My analogy is that over-restoring is like taking a clever, lively and intelligent 60-year-old woman, lavishing costumes and cosmetics on her and posing her on a pedestal for a carefully lit photograph that will make her look 30. I much prefer the living, breathing person with all her intrinsic patina of looks, character and conversation. One good 60 trumps two mindless 30s, anyway and I can think of several of my acquaintance.

A final word about Quail. Sir Michael Kadoorie, Quail chairman, has a chain of brilliant luxury hotels around the world and makes vehicle events at Quail possible because of his enthusiasm, bless his heart. Interviewed for SPEED-TV last August when the cars were at Quail, he apologized for the sun reflecting off his bald head but I reassured him that it was perfectly okay: “Sir Michael, under their hair everyone is bald.” He is one of the really good guys, a modest and charming billionaire. We need more like him. Maybe Richard Branson is his emotional and behavioral heir.

It has been a pleasure to write this guest column for Paul, whom I thank. Anyone who wants to cross swords with me on anything in this material should feel free to do so by writing me at En garde!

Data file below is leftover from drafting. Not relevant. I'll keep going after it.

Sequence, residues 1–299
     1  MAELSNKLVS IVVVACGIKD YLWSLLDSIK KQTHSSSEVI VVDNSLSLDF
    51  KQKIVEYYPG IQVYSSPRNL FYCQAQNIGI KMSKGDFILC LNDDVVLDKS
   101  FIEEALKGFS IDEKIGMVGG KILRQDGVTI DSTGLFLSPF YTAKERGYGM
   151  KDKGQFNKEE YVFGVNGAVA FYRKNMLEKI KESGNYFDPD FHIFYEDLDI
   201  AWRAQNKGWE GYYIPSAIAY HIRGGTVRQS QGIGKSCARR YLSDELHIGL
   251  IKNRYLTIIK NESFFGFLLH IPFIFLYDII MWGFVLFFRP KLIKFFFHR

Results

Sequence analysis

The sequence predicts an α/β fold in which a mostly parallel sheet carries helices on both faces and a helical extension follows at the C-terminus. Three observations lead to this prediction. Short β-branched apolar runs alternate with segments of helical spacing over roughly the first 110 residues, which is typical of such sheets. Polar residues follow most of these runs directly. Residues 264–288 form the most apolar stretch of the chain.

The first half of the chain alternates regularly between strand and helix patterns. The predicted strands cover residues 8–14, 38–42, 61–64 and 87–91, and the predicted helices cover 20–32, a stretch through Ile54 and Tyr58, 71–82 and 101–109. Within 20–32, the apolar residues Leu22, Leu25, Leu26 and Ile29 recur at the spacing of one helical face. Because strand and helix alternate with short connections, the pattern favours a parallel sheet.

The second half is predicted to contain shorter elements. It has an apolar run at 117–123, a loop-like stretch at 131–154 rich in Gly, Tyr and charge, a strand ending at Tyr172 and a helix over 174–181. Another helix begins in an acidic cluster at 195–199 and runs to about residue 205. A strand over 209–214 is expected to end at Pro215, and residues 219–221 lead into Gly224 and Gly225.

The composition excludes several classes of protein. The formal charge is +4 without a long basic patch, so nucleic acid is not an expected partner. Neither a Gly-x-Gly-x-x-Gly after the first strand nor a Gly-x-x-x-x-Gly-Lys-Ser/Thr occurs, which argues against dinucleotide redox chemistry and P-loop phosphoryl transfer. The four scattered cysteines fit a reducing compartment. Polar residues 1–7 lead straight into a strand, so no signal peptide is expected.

Many thanks to John for writing this report! Photos courtesy John Joss and John McCoy.


David Blasco said...

Outstanding photos, as usual. This is a great blog.

Anonymous said...

Thanks so much for the great pictures and comments. I keep threatening to get out there for the 'art show' but my finances have recently gotten worse ... so thanks for the glimpse at the creme de la creme.

mpls, mn

Anonymous said...

creme de la creme my arse what a bunch of slappers , i did love the offhand snide remarks but you could have put the george washington,s axe joke in with the derek minter norton , ie it,s another head and the handle has been replaced twice but its still the original axe, and as for the super vw hauler, well what a cock up , 65 mph downhill , who was that south african guy with the mk 7 jag that was converted into a bike hauler ,

Anonymous said...

paddy driver that was the yarpie from cape town who had the mk 7 jag hauler i read its still around , belive it or not i read it on a f1 blog page ? anonymous dave

John Joss said...

"Ride them as the maker intended!"
Bloody hell, yes! If it's a race bike, race it. If it's a road bike, ride it on the road (taking its characteristics into account for safety--hint, drum brakes). But please, oh please, don't make a paperweight out of it. Thus don't chrome, polish and 4,000-coats-of-paint it until no one would ever use it.
Rant over.